|Asa Emanuel C for C||M.A. Jones||Thos Leonard|
|A. Norts||John Morris||A.G. H---|
|M. Myers||S.E. Gressiatt||A.H. Victory|
|F. Brazzel||E.T. Harding||W.J. Kennedy|
|Sam Murphy C for C||J.R. Oats||M.W. McNeil|
|T. F. Hill||Rich Richardson||Wm Scurlock|
|D.P. Taylor Witness||Wm McDonald||W.H. Mathews|
|S.B. Jones||J.A. Nelson||R.H. Mills|
|J.W. Peters||W.W. Smith||H. Williams|
|H.C. Harding||James Mathews||J.--------|
|Hosey Gay Witness||Abe Peebles||G. Jennings|
|James H. Hutto||J.H. Grinnell||- P. Whisenhunt|
|D. Nichols||James Oats||Ralph Leggett|
|B.D. Hayes||Josh Abrams||G.W. Hendley|
|Robt McMichael||Edgar Walker||Jno B. Taylor|
|J.M. Nicholson||John Wald---||M. Dorish|
|G. Harding||.||James Thomas|
|John Hammond||.||Pierce Mills|
|John Towns||.||Wm. Kerr|
|A.J. Chandler||.||Robt. Kerr|
The jury was finally selected and empanelled on December 29, 1879:
Wm. Hinson, J.Y. Foster, E.T. Josey, John Ryan, G.T. Parish, John Walker, Sam Parish,
F.A. Butler, B.H. Glass, J.C. Fagins, G.K. Butler, T.J. Hilton.
Although my records do not indicate the date of the
actual trial and the intial verdict, the Polk
County District Court, on appeal dated March 3, 1880, affirmed the guilty verdict and set the
sentence at “imprisonment for life.” The Presiding Judge was John P. White and the Clerk was
Chas. S. Morse. The prevailing family story is that, several years after being convicted, a serious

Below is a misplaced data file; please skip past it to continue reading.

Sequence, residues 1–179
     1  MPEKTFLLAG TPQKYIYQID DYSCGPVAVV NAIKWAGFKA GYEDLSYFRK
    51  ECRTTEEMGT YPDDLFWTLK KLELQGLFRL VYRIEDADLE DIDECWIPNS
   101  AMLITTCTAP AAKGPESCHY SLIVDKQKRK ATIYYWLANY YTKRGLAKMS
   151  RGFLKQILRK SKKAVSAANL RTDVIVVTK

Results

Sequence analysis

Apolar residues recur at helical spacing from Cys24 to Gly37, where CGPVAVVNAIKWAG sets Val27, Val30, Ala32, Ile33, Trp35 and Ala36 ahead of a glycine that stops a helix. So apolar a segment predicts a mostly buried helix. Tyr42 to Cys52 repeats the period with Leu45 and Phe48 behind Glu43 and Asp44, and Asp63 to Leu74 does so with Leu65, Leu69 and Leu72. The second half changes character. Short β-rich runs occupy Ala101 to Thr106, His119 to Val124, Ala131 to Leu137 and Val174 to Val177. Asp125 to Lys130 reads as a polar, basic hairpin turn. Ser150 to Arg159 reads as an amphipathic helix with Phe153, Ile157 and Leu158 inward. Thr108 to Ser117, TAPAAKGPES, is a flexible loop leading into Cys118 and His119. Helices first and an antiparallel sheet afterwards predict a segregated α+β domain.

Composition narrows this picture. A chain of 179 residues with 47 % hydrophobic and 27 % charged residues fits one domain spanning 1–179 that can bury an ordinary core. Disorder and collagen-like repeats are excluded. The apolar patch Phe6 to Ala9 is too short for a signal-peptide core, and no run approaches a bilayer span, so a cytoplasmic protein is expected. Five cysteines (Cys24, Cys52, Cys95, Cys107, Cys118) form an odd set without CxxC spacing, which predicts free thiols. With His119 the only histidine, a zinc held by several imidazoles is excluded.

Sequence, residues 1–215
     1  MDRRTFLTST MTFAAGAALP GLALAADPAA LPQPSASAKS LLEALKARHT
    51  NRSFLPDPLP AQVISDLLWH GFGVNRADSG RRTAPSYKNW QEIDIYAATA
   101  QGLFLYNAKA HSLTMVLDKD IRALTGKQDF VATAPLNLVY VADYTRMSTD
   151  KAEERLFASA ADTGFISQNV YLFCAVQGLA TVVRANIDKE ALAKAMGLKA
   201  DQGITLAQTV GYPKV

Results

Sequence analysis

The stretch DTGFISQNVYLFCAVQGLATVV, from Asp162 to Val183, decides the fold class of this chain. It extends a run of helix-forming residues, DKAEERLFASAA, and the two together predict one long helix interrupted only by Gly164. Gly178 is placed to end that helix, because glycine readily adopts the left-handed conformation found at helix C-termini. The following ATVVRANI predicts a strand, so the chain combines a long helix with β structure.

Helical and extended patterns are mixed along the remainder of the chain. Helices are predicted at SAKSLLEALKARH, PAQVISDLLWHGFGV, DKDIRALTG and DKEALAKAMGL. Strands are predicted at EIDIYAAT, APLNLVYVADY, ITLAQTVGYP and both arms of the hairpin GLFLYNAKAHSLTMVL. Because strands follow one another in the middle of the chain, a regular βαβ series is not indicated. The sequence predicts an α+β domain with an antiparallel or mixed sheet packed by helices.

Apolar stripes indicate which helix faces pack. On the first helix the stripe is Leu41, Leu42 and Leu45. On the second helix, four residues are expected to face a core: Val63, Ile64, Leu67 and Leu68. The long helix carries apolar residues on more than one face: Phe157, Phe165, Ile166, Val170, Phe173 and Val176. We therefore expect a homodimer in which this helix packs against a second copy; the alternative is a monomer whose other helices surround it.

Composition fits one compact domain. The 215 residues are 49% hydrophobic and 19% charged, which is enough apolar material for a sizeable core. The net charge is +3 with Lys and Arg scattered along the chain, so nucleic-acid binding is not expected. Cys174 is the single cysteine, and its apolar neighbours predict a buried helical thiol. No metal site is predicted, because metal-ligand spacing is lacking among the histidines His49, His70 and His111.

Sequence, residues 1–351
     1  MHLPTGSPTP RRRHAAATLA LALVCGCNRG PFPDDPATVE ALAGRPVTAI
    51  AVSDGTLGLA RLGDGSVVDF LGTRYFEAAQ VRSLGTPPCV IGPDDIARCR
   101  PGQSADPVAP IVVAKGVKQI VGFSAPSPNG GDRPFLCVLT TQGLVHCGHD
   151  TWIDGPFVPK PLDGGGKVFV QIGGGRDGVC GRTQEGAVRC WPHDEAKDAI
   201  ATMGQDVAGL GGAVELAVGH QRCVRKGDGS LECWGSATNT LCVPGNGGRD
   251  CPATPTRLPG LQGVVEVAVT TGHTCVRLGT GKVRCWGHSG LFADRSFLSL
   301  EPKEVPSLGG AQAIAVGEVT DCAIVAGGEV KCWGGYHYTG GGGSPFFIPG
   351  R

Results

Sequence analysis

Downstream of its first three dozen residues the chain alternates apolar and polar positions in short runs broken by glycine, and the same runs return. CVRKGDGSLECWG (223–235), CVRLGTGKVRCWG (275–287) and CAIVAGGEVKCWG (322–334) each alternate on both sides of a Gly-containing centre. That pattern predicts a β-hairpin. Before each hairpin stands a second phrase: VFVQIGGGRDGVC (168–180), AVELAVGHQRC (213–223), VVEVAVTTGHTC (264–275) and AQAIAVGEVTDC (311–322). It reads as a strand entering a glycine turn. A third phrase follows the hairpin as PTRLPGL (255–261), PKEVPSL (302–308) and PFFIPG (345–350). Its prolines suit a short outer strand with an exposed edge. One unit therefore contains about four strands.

fire broke out in the prison and many of the prisoners who helped fight the fire were paroled.
That group supposedly included the four from Polk County who, once released, returned to the
The amazing thing about all of this is that many
of the families involved -on both sides of the law-
were related to the defendants and are related to me! W.W. Richardson was my g.g.g.grandfather
and Morgan Rye, Jr. was his stepson. Richardson’s daughter, Ada Richardson, married both
William Claybrook and William Owen after the death of her first husband, William Nichols. Even
some of the witnesses and prospective jurors are family: Asa Emanuel was my g.g.grandmother
Miller’s brother; D.P. Taylor, my g.g.g.grandmother Miller/Musgrove’s brother.
As a follow-up, I have always heard that the four men were paroled some years later for helping